Back in the 1990s, I began writing columns and analysis pieces for The Kansas City Star about the potential dangers of manipulating human genes.
I recall going to a seminar or two in Washington, D.C., to learn more about this fast-developing area and the various moral hazards it presented, from privacy concerns to cloning humans to generally using procedures the ethics of which had not been carefully thought through.
The scientific work in this field has advanced quite a bit since then with both good breakthroughs and with rogues running off and doing things outside the ethical boundaries of science.
An example of the latter happened late last year when He Jiankui, a young researcher in China, as described in this Atlantic piece, "became the center of a global firestorm when it emerged that he had allegedly made the first crispr-edited babies, twin girls named Lulu and Nana."
As the story noted, we still don't know for sure whether he accomplished what he said he did (and I could have capitalized the three uses of "he" in this sentence, given that it's his family name). That was in early December. As this later story notes, as of a few days ago, we still don't know for sure.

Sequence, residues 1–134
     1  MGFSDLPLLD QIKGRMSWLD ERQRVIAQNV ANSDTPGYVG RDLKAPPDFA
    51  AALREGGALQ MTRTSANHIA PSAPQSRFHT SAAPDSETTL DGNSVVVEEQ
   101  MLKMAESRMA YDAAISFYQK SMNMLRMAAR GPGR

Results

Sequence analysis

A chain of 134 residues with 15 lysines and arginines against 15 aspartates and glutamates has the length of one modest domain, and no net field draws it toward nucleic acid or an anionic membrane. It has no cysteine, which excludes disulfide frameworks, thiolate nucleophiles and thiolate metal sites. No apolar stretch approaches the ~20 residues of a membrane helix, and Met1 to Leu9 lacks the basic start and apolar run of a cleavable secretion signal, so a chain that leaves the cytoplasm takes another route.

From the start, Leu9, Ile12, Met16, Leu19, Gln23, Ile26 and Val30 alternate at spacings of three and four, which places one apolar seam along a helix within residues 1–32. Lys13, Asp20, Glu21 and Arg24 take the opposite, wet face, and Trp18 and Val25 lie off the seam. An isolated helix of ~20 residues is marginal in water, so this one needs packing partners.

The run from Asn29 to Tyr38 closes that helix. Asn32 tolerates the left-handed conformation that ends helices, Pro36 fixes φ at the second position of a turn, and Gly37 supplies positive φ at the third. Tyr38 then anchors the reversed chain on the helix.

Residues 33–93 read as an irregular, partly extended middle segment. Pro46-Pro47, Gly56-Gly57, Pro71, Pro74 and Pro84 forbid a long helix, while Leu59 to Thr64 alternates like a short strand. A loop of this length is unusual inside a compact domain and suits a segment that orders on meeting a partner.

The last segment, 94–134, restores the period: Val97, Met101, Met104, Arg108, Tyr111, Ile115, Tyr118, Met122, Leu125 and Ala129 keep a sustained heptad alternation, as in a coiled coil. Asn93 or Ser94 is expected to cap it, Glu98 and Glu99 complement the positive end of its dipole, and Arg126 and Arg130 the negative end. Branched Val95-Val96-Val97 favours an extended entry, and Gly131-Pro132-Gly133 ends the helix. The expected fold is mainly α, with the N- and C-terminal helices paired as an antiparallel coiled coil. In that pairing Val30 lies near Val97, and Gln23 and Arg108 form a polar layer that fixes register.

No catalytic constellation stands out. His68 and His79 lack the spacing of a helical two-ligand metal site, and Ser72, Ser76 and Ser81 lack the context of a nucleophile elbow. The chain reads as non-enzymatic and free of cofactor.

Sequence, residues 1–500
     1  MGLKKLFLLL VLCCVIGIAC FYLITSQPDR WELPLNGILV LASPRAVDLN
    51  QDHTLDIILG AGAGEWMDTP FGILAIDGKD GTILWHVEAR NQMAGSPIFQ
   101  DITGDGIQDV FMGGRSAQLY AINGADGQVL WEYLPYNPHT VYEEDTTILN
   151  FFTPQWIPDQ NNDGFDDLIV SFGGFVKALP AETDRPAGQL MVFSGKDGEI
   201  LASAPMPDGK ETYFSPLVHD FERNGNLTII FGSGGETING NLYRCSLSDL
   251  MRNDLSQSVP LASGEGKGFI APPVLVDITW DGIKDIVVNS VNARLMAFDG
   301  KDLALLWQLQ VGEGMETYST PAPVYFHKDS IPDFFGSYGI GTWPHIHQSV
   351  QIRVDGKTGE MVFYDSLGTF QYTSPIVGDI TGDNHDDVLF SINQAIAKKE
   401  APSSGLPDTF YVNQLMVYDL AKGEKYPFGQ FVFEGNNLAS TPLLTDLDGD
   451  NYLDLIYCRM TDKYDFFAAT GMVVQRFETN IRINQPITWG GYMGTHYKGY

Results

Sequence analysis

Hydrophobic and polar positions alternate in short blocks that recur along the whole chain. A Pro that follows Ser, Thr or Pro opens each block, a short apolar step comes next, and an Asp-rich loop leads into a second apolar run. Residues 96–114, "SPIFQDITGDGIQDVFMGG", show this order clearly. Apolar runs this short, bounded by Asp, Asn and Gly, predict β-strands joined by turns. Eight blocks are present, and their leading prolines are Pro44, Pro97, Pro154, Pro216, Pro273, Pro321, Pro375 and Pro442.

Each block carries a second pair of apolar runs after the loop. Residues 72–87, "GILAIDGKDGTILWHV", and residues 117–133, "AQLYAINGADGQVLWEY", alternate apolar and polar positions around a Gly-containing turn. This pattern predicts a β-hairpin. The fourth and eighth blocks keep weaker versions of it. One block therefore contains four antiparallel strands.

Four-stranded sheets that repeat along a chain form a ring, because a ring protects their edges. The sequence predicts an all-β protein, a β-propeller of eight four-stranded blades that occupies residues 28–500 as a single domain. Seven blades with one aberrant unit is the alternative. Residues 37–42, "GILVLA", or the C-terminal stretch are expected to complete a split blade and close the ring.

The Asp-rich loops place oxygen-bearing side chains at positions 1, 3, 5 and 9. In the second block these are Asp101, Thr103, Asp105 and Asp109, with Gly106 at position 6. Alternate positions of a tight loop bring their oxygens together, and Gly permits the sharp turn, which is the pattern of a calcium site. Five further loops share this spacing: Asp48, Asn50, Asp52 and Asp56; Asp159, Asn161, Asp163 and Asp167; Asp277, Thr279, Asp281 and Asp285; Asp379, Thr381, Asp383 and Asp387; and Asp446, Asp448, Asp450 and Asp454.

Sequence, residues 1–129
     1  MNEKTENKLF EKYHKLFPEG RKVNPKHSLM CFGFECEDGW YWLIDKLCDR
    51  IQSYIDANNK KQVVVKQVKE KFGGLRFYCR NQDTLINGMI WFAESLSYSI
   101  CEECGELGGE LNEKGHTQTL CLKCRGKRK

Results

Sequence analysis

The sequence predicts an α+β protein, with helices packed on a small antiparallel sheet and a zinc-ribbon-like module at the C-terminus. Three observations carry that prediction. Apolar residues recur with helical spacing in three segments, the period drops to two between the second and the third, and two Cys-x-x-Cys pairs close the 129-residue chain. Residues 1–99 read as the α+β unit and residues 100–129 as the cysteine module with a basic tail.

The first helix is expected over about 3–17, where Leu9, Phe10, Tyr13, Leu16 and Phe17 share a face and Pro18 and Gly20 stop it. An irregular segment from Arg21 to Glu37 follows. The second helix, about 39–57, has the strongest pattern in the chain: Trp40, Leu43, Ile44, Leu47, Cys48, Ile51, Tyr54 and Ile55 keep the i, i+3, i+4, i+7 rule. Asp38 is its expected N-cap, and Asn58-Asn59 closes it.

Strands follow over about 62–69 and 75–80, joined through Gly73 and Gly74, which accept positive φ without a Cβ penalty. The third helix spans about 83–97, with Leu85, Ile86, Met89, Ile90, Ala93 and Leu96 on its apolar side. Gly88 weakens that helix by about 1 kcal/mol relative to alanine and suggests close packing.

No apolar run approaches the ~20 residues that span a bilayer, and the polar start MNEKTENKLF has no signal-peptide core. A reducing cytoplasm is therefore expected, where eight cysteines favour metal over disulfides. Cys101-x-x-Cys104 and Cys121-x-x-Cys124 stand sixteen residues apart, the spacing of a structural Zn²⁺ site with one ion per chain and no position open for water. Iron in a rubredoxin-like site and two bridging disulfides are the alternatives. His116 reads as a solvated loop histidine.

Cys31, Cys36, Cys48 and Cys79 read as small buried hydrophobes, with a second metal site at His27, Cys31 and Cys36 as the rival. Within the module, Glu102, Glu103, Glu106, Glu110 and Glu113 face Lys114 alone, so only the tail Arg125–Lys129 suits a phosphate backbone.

What we do know from this even later reporting is that He has been fired from his job and accused of violating ethical standards.
So why was He's work so ethically problematic?
The Atlantic piece lists 15 different answers to that question. Some are stronger than others, but all are worrisome.
I'll mention just a few here:
-- He didn’t address an unmet medical need. In other words, He was just doing this stuff because he could.
-- He introduced three mutations into the genomes of the two babies, but it’s not clear what those new mutations will do. So he was playing medical Russian roulette for no good reason.
-- There were problems with informed consent. As the story note, "It’s not clear if the participants in He’s trial were actually aware of what they were signing up for. He relied on an AIDS association to reach out to the patients and falsely described his work as an 'AIDS-vaccine development project.'”
The human body -- its physics, its chemistry, its mysteries -- is a marvel that deserves to be studied and appreciated. But in all such studies there must be ethical guidelines, which often, though not always, find their roots in the teachings of religion. In this case the scientific, ethical and religious worlds need to be clear that this kind of freelance work will not be tolerated.
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THE FORWARD GOES, UH, FORWARD?
The Jewish newspaper, The Forward, is about to quit its print publication to go entirely online. Sort of makes me wonder why so often progress produces sadness. Well, it's an important news source. May it survive, if only in cyberspace. If you're interested, here's a sort of farewell column from editor-in-chief Jane Eisner, who has been asked to leave her position.